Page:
Monday, November 25, 2013

Your Dignity is Non-Negotiable

One story that profoundly sticks to my mind and that I recall with reverence as I navigate this world is that of the trial and execution of Charles Stuart I, King of England, Scotland, and Ireland, who was beheaded by the rump of his own parliament after being tried and convicted for treason in his own country. Aged 48 at the time, Charles' life was a dramatic roller coaster from the moment he was a small child and the constant in it was that he always held himself to a high standard. His dignity was never something to be negotiated.

Born on November 19th, 1600, Charles was the youngest child of the King of Scotland, James Stuart VI and his wife, Anne of Denmark. In March 1603, when Charles was but two, Elizabeth Tudor, Queen of England and Ireland for over forty years, died, and her first cousin twice removed, James, succeeded to the thrones of her kingdoms, as he was her senior genealogical relative. As James and his family made the trip south from Edinburgh to London, one member was conspicuously absent: James' youngest son, Charles. The boy was in such fragile health that his father was worried the traveling would adversely affect him, and in truth, nobody expected Charles to survive to adulthood.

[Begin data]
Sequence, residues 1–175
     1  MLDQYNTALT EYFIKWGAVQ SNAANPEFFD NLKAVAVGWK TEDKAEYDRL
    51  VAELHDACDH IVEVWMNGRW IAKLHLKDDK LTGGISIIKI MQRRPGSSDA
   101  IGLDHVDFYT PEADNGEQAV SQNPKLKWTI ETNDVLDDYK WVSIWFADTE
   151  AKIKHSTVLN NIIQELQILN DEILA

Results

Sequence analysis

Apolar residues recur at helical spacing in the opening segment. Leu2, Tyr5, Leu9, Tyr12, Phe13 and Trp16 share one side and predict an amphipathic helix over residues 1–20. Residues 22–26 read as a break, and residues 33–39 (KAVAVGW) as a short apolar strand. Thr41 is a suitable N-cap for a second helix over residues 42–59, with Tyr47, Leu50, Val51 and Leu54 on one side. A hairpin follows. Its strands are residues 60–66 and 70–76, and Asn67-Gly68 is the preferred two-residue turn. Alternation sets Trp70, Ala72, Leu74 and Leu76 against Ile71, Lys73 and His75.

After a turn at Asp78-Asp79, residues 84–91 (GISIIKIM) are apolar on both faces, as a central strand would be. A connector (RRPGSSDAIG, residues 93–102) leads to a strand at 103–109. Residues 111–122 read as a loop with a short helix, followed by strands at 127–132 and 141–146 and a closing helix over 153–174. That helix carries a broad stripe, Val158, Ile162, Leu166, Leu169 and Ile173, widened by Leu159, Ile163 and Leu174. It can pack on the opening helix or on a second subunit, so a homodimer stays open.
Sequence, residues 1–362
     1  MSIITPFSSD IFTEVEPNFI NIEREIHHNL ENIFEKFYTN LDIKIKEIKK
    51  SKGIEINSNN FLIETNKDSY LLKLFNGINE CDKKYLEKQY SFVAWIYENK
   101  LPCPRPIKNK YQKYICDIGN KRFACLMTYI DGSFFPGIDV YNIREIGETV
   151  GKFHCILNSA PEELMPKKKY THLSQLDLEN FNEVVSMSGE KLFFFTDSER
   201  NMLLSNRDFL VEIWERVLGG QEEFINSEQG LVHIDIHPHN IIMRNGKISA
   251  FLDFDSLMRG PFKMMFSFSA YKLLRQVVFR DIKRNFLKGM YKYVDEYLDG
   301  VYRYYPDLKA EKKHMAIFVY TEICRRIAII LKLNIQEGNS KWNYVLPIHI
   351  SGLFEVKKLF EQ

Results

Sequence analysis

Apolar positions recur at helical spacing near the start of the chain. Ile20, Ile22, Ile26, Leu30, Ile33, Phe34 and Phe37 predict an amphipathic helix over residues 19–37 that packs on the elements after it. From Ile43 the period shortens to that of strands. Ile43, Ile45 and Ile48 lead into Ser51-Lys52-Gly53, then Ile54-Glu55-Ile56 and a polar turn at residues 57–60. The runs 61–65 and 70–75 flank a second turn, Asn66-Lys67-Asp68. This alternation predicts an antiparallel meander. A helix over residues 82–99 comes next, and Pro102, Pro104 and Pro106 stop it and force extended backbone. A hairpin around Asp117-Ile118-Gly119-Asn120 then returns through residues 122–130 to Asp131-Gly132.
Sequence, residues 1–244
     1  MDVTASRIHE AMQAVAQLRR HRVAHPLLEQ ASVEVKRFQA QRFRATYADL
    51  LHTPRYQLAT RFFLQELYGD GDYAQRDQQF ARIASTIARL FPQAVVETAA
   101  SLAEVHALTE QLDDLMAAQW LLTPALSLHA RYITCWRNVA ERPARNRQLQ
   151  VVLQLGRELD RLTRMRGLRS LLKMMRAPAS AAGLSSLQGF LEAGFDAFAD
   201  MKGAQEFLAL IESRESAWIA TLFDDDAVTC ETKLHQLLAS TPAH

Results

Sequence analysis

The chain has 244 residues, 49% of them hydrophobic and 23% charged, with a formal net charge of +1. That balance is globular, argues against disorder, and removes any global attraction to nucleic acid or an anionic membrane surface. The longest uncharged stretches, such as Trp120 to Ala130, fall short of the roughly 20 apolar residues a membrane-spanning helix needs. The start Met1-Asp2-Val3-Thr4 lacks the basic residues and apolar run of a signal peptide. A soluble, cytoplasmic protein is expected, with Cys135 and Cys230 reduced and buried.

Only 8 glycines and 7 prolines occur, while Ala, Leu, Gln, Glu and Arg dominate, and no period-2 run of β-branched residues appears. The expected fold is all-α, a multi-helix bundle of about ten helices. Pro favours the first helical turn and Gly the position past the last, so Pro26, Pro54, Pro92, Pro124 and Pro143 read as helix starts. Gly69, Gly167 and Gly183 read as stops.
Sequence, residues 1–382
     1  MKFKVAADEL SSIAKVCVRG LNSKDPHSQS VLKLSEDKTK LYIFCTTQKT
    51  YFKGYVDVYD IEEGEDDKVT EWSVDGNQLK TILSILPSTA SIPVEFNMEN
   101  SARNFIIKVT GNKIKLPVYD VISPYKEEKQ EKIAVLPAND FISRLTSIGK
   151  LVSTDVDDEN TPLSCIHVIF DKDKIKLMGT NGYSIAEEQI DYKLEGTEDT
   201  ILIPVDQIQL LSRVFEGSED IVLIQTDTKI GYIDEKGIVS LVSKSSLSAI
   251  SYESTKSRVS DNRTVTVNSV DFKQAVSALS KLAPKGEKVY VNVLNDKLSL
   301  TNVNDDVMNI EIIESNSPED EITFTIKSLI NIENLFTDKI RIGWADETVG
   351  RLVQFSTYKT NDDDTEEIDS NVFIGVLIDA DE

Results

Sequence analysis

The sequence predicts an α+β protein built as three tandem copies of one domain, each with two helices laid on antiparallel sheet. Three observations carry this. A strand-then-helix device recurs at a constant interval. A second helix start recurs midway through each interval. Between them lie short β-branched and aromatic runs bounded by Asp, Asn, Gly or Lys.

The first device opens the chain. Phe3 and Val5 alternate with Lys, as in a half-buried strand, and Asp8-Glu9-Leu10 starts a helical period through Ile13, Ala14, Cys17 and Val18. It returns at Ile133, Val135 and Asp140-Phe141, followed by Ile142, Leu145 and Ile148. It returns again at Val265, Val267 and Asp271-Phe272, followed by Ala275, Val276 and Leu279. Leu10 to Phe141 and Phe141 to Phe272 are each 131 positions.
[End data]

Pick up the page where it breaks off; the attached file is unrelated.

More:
Charles did eventually make the trip, and was determined to overcome both his physical weaknesses and the stammer in his speech. In the first area, he took up a vigorous program of exercise to strengthen his body, taking long runs around the park and eventually taking up horse riding, fencing, and shooting. He would become proficient in all three. Attempting to overcome his stammer, Charles would place pebbles in his mouth and try to speak. The latter therapy, as you might expect, was not as successful.